Investing in farmland is a way to establish multiple revenue streams that offer a steady future income. By investing in farmland, landowners have the ability to benefit from various agricultural grants and loans, even if they choose to lease the land for agricultural proposes. In addition, emerging agricultural and green markets such as biofuels, ethanol and wind technologies make farmland an appealing investment. Farmland also makes an excellent tangible asset for future financing endeavors.
Put together a business plan determining how the farmland will be used. Banks will require a business plan to demonstrate how the loan will be paid back, and the land must have an agricultural use to maintain its farmland tax status. A good business plan will give investors a chance to review the various income streams available to farmland owners. Farmland investors can judge if the property areas they are considering are viable for such things as wind development, recreational uses or natural resource sales or leasing. Natural resources such as water, oil, natural gas or lumber are all highly sought-after products.
Decide if you plan to farm the land yourself, crop-share with another farmer, lease the land to a farmer or lease with an option to buy. Your business plan will define how the property will make money, and it will aid in getting both private and government loans and grants. The U.S. Small Business Administration will help farmland investors create a business plan at no charge.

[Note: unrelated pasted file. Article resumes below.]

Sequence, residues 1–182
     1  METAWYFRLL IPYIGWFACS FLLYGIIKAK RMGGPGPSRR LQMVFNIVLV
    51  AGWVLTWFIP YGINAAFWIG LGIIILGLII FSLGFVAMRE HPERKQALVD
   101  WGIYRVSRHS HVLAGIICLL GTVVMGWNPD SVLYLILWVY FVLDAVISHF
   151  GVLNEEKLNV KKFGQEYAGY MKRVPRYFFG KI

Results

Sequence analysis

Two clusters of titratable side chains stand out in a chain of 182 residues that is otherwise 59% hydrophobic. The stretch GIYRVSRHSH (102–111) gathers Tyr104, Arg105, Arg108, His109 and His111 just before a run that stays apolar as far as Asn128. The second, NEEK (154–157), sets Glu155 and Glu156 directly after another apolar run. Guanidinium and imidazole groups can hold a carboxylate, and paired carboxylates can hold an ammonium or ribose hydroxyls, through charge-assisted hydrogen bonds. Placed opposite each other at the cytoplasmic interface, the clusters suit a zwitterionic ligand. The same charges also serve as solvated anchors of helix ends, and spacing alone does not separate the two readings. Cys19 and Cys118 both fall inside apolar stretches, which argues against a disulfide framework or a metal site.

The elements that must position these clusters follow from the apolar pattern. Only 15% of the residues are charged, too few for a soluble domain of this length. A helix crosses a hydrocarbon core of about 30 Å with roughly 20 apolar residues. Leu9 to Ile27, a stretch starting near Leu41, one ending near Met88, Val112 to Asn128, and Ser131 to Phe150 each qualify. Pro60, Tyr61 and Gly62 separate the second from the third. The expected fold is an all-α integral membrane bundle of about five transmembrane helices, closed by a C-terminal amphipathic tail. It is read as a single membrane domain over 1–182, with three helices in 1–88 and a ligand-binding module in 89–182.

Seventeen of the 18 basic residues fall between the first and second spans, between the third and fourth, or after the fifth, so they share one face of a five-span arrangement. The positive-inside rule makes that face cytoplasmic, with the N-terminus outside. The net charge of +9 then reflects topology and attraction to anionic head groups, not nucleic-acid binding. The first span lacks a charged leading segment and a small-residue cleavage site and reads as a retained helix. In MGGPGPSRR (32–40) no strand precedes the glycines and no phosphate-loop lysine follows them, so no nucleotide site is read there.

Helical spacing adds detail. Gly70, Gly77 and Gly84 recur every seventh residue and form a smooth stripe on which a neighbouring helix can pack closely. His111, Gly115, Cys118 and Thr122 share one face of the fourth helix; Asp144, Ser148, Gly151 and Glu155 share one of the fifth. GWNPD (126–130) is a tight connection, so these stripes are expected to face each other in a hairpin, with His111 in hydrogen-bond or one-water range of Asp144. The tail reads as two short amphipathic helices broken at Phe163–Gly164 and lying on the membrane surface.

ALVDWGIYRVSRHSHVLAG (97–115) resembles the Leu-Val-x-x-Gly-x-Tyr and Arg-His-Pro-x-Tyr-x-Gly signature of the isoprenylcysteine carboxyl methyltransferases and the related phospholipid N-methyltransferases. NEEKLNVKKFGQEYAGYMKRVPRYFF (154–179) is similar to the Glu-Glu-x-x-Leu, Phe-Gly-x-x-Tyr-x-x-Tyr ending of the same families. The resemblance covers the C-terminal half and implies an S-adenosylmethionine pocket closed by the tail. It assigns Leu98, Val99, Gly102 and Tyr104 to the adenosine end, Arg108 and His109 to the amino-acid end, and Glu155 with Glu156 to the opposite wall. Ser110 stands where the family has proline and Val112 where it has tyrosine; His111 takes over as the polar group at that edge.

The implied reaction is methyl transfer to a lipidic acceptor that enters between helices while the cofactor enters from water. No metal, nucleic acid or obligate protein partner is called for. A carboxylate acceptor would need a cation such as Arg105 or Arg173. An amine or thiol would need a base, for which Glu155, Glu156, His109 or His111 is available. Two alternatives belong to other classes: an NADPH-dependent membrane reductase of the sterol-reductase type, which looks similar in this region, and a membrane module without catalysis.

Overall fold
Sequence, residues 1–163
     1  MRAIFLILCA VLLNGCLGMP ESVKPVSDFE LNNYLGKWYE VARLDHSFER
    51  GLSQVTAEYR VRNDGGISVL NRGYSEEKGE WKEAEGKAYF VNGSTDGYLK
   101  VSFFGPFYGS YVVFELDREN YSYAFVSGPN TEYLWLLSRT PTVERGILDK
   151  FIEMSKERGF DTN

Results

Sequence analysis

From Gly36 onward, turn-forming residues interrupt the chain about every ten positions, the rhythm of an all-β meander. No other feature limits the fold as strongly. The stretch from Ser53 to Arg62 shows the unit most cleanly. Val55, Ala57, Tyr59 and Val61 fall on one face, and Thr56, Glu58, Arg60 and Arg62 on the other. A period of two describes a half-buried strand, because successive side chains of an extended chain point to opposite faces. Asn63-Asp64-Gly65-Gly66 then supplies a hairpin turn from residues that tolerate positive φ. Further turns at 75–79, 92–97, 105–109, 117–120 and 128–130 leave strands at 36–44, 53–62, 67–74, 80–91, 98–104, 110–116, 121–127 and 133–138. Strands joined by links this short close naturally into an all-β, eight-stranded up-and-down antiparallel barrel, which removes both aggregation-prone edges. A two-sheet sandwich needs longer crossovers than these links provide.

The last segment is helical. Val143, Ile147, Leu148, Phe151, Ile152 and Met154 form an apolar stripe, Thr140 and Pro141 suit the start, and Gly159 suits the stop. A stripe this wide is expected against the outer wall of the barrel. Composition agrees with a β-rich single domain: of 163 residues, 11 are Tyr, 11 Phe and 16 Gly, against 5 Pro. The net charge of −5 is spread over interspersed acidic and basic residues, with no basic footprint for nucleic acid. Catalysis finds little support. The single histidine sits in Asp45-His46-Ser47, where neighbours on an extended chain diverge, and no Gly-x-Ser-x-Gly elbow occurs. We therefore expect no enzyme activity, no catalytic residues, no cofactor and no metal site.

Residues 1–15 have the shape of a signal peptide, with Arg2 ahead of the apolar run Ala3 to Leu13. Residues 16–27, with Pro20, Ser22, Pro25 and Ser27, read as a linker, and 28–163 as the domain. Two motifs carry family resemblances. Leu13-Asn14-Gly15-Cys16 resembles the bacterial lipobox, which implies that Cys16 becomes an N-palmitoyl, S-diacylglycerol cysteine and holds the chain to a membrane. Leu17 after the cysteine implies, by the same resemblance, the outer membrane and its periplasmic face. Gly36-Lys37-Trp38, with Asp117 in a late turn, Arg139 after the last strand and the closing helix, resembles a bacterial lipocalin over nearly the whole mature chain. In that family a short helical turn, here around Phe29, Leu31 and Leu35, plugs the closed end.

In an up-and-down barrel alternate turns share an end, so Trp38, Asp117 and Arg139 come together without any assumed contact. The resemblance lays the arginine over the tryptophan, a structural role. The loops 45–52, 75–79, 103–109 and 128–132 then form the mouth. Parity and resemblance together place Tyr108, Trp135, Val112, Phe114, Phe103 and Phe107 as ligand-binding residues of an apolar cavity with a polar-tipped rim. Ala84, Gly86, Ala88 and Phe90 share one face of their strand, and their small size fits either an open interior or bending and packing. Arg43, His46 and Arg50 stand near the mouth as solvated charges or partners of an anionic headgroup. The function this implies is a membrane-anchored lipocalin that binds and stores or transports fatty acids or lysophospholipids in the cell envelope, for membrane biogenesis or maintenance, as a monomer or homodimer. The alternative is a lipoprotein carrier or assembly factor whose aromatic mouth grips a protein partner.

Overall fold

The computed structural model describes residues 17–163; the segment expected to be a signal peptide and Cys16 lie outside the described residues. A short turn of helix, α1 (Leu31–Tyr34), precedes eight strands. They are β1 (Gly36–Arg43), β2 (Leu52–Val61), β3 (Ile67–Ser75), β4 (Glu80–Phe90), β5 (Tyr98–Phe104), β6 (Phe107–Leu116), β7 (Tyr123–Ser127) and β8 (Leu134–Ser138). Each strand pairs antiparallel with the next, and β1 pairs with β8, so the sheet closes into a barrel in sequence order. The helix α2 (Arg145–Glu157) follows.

Secure financing. Investors armed with a strong financial business plan will need to seek out financial institutions that offer agricultural loans. Farmland owners will not be able to apply for certain grants until they own farmland. However, the U.S. Department of Agriculture does offer farm loans for first-time farmers or for minorities seeking to become farmers. Have an attorney and an accountant, who are experienced in purchasing farmland, help you gather the correct financial documents needs to apply for loans and grants.
Start evaluating farmland properties. Remember to keep state farming regulations in mind when buying land. For example, raising only horses in Illinois will change a property’s farmland tax status. Other farming states, such as Iowa, offer financial incentives to new agricultural businesses. Starting a new agricultural business there may offer incentives not available in other areas. A financially sound business plan will indicate the locations that will financially sustain any farmland investment strategy. When pricing and comparing properties, break down land costs into a per-acre price.
Once a property has been chosen, review the land surveyor’s report, negotiate a bid, review all contracts with an attorney and make sure mineral rights are included in the sale. Financing should be in place so that once the current landowner approves the bid, a date for closing the sale can be assigned.